I then roughed out the cooling fins with the same parting tool and finished with the groover, this took a bit of setting up as due to the change in length of the fins the angle of each changed slightly as the spacing remains constant.
I used the CNC to cut the shaped holes for the inlet/exhaust boss and the simpler shaped transfer block
I also made use of it to cut the profile of the blocks on the ends of a bit of round bar, these were then cut to the undersize inner radius of the cylinder using a boring head
A trial fit showed that the CNC had done a nice job with close fitting parts that just needed one or two strokes of a needle file and then they could be lightly tapped into place with a small nylon hammer.
Happy with the fit the parts were cleaned and fluxed before silver soldering together. After machining the inlet/exhaust boss to finished length it was back into the lathe to Finish bore the inside to accept the iron liner. Once that was done and there was no more need for a chucking piece the top of the cylinder was turned to profile and the M10 x 1 plug hole drilled and tapped. You can just see the every thin line of silver solder around the joint from the inside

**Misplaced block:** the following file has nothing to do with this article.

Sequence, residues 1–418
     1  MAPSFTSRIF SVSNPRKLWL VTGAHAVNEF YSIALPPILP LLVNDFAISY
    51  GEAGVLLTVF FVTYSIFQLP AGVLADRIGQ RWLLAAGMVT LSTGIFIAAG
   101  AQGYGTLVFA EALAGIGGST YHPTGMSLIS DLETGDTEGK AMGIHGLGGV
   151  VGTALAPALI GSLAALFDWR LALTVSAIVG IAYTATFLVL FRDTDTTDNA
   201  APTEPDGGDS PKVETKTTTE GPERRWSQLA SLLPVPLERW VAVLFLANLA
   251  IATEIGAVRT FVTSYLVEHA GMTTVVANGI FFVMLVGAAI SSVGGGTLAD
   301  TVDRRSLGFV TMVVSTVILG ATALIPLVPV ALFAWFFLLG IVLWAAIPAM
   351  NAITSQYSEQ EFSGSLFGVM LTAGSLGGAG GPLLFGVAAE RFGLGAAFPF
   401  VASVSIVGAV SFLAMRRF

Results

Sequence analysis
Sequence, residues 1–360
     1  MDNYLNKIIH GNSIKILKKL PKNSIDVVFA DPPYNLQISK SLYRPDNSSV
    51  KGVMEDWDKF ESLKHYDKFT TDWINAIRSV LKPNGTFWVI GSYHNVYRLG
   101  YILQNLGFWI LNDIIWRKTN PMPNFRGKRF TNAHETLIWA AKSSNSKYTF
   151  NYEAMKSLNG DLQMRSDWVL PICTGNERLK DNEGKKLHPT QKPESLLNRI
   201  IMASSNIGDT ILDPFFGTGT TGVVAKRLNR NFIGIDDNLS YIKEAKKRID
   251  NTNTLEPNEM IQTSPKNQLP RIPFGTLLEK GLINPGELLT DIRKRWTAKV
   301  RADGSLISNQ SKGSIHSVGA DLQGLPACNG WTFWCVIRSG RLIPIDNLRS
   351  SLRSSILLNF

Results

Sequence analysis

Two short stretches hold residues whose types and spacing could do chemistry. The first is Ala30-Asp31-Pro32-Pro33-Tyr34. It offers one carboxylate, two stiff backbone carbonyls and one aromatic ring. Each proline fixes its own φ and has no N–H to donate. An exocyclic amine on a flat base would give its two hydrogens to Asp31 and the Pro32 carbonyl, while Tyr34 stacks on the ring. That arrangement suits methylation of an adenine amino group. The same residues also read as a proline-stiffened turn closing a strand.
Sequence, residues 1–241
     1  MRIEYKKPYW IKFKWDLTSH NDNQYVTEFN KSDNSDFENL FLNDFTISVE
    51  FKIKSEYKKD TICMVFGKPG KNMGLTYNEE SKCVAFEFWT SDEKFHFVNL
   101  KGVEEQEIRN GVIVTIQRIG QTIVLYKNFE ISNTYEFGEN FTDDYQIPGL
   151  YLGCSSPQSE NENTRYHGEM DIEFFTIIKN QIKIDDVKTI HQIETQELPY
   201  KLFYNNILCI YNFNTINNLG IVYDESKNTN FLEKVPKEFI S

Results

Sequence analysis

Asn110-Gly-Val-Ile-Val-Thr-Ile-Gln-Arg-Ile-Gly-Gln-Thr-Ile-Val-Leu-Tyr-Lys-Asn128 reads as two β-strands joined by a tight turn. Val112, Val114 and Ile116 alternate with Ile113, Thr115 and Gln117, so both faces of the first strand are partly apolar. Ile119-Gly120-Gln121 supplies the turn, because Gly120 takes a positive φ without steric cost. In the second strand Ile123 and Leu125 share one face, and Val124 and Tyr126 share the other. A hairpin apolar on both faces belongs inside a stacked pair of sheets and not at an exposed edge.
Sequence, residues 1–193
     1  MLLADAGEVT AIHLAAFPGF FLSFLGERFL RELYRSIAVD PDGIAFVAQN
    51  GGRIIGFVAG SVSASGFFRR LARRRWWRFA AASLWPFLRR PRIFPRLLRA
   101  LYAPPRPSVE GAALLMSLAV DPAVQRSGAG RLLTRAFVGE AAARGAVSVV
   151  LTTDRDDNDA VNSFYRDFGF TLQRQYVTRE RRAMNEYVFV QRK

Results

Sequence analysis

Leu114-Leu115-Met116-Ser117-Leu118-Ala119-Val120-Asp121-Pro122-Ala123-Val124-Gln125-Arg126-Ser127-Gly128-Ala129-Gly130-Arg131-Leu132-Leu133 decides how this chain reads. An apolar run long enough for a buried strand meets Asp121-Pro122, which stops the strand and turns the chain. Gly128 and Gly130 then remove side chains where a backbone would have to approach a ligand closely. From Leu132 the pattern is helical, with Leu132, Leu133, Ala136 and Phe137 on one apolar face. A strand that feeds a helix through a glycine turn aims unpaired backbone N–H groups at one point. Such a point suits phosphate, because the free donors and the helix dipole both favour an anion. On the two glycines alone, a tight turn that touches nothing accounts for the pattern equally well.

The last bit of machining was t mill the slots for intake and exhaust and tap two holes M3 to hold the combined manifold in place.
Lastly I grit blasted the outside to remove any discolouration from soldering and give a good key for the stove paint I had planned for it.
The engine has a rather shapely combined inlet and exhaust manifold that would have been an aluminium casting on the original and is an ideal candidate for CNC machining as that handles the curves very well. The passage s would have been cast in using cores and I did toy with the idea of making in two halves in brass so the passage could be milled out and then solder the two together. In the end I worked out tat a couple of carefully placed drill holes would meet in the middle and hopefully not come out the side so a one piece aluminium part was on the cards. You can just see the orange ctr lines of the holes on this drawing together with their depths and angle of drilling.
A block of 6082 was machined to overall size and held in the vice to first rough out to half depth using an adaptive tool path using a 4mm flat ended 3-flute cutter
Then the "steep and shallow" path was used while I still had access to refine the shape. I think that was a 3mm ball nose 4-flute cutter but may have been 4mm.